CES '09: Complete Coverage from Broadcasting & Cable
Mobile TV service MediaFLO made good on its plans to
by announcing at CES a deal with Audiovox to create in-car video displays that receive the live MediaFLO broadcast service.
The deal, which was announced in Las Vegas by Audiovox Electronics Corp. president Tom Malone and MediaFLO USA president Gina Lombardi at the Audiovox press event, will first result in a MediaFLO receiver aimed at existing after-market in-car video displays, then evolve to in-car displays installed in new automobiles.
The aftermarket FLO system will provide a “seamless installation” with existing displays and will sell for under $500, with “very affordable monthly service fees,” said Malone. The current MediaFLO service, which is marketed by Verizon Wireless and AT&T to cellphone subscribers, costs $15 monthly for a base service of 10-15 channels with programming from major networks like CBS, NBC, Fox, MTV and Comedy Central.
“This is a new distribution partnership for us,” said Lombardi, who noted that MediaFLO’s coverage and channel lineup will grow as a result of the Feb. 17 turnoff of high-powered analog broadcast signals. By getting new spectrum that will be cleared by existing analog broadcasters, MediaFLO should be able to offer 25 channels and will expand its coverage from 65 markets today to 107 by the end of 2009.
Audiovox, which in addition to in-car displays is the biggest manufacturer of indoor TV antennas through its RCA and Terk brands, also announced that it is expanding its “flat antenna” technology into new indoor and outdoor models. Following up on the success of the $60 RCA 1500 Flat Omnidirectional indoor antenna (which this reporter has tested successfully in the New York market), Audivox is coming out with new flat antenna models in high-black gloss to complement high-end flat-panel HDTVs. It is also introducing an $89 RCA flat outdoor model, the ANT 800, as well as a flat Terk unit that will sell for $119.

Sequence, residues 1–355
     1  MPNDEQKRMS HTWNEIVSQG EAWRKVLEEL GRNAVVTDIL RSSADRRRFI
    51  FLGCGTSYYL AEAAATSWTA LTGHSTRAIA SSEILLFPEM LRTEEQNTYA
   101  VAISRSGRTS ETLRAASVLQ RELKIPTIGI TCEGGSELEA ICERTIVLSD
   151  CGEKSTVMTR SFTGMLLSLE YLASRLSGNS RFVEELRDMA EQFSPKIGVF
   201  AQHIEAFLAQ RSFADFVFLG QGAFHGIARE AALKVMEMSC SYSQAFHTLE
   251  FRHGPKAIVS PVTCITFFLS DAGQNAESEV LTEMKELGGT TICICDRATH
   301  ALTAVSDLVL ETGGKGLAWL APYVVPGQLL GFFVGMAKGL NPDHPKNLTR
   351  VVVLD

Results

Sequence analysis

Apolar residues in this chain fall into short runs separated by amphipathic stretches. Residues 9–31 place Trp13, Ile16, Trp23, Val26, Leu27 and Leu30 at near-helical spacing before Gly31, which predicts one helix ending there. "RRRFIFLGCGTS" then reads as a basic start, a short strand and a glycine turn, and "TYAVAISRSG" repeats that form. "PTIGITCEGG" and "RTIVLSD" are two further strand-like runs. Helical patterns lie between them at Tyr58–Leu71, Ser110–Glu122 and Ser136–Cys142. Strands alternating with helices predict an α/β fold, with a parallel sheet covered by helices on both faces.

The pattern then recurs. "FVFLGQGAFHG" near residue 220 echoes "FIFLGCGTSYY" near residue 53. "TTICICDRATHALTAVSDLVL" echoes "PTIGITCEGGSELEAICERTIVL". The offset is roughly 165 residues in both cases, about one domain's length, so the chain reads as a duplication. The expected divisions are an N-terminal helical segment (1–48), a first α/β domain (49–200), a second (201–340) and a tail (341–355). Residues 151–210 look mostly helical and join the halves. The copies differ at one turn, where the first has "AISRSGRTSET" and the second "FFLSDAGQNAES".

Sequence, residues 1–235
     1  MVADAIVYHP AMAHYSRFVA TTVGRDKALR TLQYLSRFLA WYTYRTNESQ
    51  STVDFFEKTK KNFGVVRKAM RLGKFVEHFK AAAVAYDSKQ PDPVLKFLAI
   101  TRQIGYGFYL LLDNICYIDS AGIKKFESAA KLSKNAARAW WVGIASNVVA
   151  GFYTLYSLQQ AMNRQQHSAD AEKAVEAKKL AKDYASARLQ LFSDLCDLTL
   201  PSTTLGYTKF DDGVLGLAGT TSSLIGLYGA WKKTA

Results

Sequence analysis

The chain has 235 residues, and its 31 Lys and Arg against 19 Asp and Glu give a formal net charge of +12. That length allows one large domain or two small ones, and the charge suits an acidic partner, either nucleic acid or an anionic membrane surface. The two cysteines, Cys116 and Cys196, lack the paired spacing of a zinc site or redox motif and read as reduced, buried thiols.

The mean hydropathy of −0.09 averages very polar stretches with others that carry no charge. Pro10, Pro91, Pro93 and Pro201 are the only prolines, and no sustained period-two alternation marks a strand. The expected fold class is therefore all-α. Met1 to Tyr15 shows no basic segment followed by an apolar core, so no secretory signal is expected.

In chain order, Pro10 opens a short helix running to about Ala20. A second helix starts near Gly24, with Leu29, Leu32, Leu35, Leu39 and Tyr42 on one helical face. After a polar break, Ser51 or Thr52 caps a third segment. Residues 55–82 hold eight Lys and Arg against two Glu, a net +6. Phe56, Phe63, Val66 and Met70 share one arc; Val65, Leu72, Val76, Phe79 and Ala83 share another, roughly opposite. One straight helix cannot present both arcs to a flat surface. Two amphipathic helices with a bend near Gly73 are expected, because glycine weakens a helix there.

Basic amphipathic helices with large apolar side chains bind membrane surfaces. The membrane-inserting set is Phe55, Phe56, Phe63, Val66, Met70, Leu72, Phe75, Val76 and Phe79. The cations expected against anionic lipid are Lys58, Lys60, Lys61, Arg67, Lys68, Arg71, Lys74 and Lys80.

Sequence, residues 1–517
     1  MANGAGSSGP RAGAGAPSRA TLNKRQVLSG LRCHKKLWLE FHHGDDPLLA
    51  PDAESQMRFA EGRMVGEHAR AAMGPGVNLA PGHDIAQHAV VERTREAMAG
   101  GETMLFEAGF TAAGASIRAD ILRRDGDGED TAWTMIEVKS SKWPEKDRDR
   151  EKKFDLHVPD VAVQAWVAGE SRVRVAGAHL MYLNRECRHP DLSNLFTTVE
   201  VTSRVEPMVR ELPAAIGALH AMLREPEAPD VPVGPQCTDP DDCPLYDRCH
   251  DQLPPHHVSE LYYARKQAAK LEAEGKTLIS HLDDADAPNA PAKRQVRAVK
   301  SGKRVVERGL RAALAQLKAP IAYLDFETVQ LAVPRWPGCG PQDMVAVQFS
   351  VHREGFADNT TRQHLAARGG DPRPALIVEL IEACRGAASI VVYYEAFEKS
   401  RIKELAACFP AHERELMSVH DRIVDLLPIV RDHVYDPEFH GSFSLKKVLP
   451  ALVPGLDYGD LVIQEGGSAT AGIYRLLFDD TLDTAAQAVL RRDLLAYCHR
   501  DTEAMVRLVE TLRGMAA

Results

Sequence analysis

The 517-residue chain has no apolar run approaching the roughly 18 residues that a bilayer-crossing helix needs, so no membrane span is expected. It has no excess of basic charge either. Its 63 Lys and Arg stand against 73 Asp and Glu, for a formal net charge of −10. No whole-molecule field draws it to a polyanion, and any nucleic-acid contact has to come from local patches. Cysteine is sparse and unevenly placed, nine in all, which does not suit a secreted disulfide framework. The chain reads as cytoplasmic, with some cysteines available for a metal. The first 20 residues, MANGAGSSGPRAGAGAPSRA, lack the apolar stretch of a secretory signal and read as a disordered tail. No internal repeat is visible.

While the upcoming Feb. 17 analog turnoff is obviously driving antenna sales, Audiovox is emphasizing that using an over-the-air antenna also delivers the highest-quality picture for local HDTV broadcasts.
“Many people may not realize that over-the-air TV delivers the best HD picture,” said David Geise, president of Audiovox Accessories. “An off-air antenna optimized for the pickup of local digital channels is the best way to watch local channels. You get the full quality of HD before it is compressed by a pay TV operator. No matter how you’re your local HD looks from cable or satellite, I can assure you it will look even better from an antenna.”